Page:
View from the Mountain
From here the sea
seems calm as the folds
in a renaissance rendering
of Mary’s robes. And if you turn
to the west, the hills resemble
the turtles you saw huddled in the sun
at a pond in the Palermo gardens. The trees
are bonsai––intimate though distant,
their forms surveyable. The train tracks
and tunnels recall childhood afternoons.
You could almost bend down and
lift the valley chapel with your hands.
Its bells quietly toll. Counting six strokes,
you wonder if the quality of time
is dependent on the timekeeper.
The snaking cars are silent.
You only hear (despite the contrails)
the squealing of swifts and a breeze
through the bushes. When you sit on a stone
among wild flowers in mid-bloom,
the mosaic in Monreale comes to mind,
of God on the seventh day
seated at the centre of his garden,
how his surroundings seemed real
yet internal to his mind.
View from the Shore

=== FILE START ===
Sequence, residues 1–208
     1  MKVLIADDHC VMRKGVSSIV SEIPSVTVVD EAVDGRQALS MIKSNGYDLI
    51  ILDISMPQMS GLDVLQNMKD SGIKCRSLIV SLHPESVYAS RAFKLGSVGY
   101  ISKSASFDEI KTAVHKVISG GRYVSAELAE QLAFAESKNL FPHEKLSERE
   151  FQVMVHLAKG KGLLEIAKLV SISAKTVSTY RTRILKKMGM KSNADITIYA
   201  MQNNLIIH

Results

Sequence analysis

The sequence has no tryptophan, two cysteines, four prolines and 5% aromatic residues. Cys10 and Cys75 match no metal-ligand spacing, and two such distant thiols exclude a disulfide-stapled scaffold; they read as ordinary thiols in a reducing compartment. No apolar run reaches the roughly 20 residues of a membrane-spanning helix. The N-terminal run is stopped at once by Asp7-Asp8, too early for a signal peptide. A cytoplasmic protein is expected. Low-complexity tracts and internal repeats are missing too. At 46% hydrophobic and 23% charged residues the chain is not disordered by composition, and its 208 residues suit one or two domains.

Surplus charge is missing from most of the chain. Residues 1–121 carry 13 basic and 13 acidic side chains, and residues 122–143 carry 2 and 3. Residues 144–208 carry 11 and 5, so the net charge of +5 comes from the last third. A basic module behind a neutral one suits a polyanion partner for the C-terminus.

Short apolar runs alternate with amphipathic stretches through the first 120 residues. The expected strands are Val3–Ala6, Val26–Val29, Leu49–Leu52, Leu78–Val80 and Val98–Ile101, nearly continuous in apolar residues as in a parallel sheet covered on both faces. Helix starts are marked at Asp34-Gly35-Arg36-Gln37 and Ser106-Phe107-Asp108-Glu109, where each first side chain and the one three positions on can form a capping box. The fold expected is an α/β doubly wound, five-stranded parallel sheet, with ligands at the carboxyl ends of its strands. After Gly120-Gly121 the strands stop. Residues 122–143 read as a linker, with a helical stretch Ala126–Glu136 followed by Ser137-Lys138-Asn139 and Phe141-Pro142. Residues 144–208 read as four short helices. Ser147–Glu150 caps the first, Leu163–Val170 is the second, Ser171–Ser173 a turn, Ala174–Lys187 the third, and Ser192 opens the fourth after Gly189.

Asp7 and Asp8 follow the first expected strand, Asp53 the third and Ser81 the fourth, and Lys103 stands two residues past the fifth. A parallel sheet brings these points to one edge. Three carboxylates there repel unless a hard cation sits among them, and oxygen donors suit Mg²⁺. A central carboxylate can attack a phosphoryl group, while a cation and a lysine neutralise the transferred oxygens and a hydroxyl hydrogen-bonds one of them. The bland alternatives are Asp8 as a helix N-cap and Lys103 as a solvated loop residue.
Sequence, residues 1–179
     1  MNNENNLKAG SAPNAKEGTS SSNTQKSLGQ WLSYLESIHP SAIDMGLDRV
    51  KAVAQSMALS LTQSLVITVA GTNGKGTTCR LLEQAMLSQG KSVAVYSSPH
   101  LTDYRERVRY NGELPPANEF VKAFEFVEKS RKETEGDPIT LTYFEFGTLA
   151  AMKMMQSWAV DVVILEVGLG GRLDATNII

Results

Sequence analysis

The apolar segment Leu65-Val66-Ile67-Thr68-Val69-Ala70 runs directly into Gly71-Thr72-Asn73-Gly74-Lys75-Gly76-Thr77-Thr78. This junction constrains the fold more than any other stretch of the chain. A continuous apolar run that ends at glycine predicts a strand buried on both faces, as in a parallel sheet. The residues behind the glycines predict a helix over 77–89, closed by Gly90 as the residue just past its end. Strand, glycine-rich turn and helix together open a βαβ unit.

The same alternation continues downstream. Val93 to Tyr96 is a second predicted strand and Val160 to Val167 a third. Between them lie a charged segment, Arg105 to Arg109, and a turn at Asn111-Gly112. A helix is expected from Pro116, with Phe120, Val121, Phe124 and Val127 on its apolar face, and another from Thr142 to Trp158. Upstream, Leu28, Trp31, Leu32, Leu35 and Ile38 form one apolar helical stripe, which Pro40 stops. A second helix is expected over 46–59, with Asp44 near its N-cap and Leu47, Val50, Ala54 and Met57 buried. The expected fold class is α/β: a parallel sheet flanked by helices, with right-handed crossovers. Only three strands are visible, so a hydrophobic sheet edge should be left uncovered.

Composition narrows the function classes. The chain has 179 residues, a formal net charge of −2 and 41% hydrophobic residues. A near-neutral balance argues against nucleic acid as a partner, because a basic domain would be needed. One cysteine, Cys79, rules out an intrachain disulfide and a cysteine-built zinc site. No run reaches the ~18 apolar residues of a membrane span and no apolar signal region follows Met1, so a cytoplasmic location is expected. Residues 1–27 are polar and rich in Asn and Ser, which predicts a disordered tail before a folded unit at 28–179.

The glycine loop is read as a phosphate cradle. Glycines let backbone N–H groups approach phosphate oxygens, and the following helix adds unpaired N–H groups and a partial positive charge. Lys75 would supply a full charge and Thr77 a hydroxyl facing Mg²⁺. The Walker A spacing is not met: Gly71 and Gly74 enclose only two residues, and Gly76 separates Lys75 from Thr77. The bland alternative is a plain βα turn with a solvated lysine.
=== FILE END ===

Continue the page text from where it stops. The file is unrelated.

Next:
Over the darkening water
the distant mountains are simplified
to magenta silhouettes––erasing all trace
of apartment blocks constructed in the sixties and
the growling motorway that tunnels through the limestone;
they’re almost immaterial, a watercolour landscape.
Behind them is a realm of light,
enigmatic as portrayals of a golden age
in the distant past or future, outside time.
An arc of clouds hovers around the illumined air––
a mosaic of six-winged seraphs with feathers of flame
guarding a cathedral entrance. Only our eyes
cross into that realm. Over small waves
that turn and break their darkened glass
on the shore, a gull departs.
What about the chestnut tree in the cemetery,
replete with foliage, erecting
countless steeples of blossoms––
each consisting of images
that capture the essence in a couple of strokes,
a dash of red or yellow on white––
and the perfect fragments
blown to the grass?
Does anyone else
come here to see them,
the displays of this artist
unknown even to herself?